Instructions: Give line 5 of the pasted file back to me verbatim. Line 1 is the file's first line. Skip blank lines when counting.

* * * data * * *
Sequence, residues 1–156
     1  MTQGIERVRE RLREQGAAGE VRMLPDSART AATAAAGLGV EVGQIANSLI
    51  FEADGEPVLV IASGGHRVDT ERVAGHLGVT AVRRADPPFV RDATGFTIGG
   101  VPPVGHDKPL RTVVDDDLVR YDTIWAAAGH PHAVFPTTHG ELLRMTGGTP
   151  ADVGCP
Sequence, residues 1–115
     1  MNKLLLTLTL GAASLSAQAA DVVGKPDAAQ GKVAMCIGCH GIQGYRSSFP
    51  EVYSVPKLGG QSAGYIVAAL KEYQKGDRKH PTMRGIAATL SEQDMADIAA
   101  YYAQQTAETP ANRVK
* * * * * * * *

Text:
   151  ADVGCP